Every time we share content online, from tweets and Facebook posts to creating blogs, websites and leaving comments, we contribute to forming our digital identity. Toshie Takahashi finds that in Japan, parents are less involved in teaching their children about the internet. She argues that parents need to overcome their blind spots and become active mediators to help children build digital literacies. Toshie is Professor in the School of Culture, Media and Society at Waseda University in Tokyo. Her current research is an ethnography centred on cross-cultural research into youth and digital media among US, UK and Japan.
Young people are often called ‘digital natives’ because they are born in the digital age. However, digital natives are not born with digital literacy; they learn it. And like all learning, this means making mistakes again and again. There are particular risks in digital communication, even at home, and parents need to understand these risks.
High school game using Twitter
In October 2014, I visited a boys’ school in Tokyo, where I had been conducting my fieldwork. Sixteen-year-old Kenta told me about his Twitter account, which his friends had created for him – without his prior knowledge. It is a sort of game that students in his class like to play, particularly on the more popular classmates. Kenta’s friends would tweet the funny things that he said, and upload photos of his funny expressions. Once, they tried to strip him naked for a photo. His friends would even retweet and reply to his girlfriend’s Twitter account. Kenta has more than 100 followers and knows that many enjoy this game, so he feels he cannot delete this Twitter account. When I asked Kenta and his friends, they said that they believed that only their friends could see the tweets and photos. They’re wrong. The tweets and photos are open to the public. Therefore, anyone can search and see them.
Digital tattoos: Twitter is not an extension of a safe classroom
For the schoolboys I met, this was all a game, an extension of the safe space they experienced at school. Unfortunately, this is the internet, and there can be no guarantee of an enclosed and safe space in social media. The funny tweets and embarrassing photos are accessible to the public, and run the risk of acquiring interpretations and purposes they were never intended for. Furthermore, information and images circulating on the internet never quite disappear but always linger, as if they were a digital tattoo. Therefore, the innocent tweets and photos on Kenta’s Twitter account may actually stick with him all his life. And who knows how they may eventually feature in his adult years?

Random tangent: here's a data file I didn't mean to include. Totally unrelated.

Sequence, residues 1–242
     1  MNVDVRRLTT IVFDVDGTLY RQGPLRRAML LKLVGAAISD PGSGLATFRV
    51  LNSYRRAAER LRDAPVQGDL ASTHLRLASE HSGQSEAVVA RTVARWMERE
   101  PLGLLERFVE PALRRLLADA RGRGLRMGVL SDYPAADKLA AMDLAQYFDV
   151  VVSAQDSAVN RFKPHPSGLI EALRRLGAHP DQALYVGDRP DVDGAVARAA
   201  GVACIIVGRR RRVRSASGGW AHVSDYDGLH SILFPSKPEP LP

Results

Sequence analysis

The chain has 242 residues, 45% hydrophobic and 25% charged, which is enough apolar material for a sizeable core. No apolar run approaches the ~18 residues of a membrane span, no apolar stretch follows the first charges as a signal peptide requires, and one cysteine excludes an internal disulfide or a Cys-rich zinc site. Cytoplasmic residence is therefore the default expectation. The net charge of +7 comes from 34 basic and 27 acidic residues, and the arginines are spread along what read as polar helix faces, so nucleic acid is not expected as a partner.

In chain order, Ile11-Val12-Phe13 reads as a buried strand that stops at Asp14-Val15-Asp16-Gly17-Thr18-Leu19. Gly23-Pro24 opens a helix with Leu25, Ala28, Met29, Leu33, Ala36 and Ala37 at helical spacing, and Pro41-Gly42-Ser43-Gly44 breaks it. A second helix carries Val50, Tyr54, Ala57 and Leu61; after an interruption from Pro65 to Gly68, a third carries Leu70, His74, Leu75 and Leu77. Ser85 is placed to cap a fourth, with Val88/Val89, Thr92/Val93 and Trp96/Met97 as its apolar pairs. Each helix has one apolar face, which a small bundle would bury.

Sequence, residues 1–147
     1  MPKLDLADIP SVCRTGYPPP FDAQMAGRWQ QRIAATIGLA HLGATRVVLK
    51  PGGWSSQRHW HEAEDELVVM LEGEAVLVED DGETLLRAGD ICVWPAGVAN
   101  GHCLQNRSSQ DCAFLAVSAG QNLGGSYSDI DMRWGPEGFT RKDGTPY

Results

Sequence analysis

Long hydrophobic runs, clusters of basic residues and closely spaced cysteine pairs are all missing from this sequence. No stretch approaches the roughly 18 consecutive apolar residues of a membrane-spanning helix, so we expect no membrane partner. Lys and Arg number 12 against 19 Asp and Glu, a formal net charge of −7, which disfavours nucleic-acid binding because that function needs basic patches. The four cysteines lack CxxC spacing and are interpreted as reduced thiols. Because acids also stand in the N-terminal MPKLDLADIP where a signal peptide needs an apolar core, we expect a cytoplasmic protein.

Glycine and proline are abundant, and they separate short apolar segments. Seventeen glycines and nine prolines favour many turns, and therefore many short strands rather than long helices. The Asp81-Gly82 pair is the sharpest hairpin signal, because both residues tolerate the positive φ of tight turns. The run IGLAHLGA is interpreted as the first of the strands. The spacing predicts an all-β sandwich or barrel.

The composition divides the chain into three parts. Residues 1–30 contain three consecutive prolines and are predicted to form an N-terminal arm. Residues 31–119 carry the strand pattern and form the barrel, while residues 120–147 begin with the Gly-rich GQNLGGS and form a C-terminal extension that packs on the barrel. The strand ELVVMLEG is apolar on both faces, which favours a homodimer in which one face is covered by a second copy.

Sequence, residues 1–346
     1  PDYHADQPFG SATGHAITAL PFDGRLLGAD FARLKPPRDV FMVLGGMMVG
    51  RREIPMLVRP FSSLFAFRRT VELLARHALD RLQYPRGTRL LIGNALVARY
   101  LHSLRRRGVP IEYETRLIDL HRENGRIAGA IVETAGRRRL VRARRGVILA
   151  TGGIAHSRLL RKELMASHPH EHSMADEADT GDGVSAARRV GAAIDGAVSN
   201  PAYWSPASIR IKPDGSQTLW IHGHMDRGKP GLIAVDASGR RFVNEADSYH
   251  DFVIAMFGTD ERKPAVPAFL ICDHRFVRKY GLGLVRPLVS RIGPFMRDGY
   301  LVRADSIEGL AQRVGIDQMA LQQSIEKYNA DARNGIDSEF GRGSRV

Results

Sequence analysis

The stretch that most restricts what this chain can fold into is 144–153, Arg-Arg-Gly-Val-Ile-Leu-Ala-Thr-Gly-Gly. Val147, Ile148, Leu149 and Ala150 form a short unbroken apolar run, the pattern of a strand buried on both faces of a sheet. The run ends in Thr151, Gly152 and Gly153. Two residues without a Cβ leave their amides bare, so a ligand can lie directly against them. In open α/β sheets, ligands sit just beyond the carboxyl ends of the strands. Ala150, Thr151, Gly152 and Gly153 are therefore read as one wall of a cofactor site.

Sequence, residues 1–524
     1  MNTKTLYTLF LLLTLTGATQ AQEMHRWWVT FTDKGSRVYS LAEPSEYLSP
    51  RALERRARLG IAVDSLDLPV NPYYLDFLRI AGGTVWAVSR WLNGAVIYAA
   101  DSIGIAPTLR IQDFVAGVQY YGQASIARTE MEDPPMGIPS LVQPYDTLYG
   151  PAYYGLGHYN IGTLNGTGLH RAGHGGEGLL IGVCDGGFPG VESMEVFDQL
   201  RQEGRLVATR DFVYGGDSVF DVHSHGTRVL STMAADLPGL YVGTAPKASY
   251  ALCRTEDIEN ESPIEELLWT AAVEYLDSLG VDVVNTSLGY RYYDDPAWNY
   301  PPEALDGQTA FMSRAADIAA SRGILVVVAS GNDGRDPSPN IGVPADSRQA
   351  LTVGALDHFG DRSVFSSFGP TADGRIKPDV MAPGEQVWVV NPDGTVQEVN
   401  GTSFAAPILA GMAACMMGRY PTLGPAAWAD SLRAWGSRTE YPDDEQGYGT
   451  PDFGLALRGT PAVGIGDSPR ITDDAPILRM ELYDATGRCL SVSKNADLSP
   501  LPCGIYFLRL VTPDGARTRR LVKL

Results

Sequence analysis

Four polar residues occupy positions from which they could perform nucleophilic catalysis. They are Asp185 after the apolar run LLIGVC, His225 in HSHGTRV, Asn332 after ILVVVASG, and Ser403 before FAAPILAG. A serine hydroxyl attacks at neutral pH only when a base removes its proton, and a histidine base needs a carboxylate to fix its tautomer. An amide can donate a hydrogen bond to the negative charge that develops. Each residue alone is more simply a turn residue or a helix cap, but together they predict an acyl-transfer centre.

Who knows best? The parents or the children?
The task of educating our children about these risks must fall, to a great extent, on the parents. Compared to UK data, however, it seems clear that parents in Japan tend to be less involved in their children’s internet use, as the following graphic from my research illustrates:
A white paper published by the Japanese government in 2014 showed that 83% of elementary school, junior high school and high school children (aged 10-17: n=1,817) learn about the internet at school, while only 28% learn from their parents. Yet what is striking is the proportion of parents who believe they are better informed about the internet than their children: 73% of parents of elementary school, 41% of parents of junior high school and 20% of parents of high school children think that they know the internet better than their children (n=1,993).
Smartphones – keeping children happy and safe
There is clearly room for parents to get more involved in their children’s use of the internet and social media. By knowing the risks and potential harms, parents become empowered to be active mediators between their children and the risks. In Japan, it is common for parents to buy mobile phones for their children, partly to keep them happy, and partly as a way of keeping a watchful eye on them. The irony is that the very tool that they feel keeps their children safe comes with its own set of risks. This is a blind spot that parents must wake up to.
 Names have been changed to protect the identity of individuals.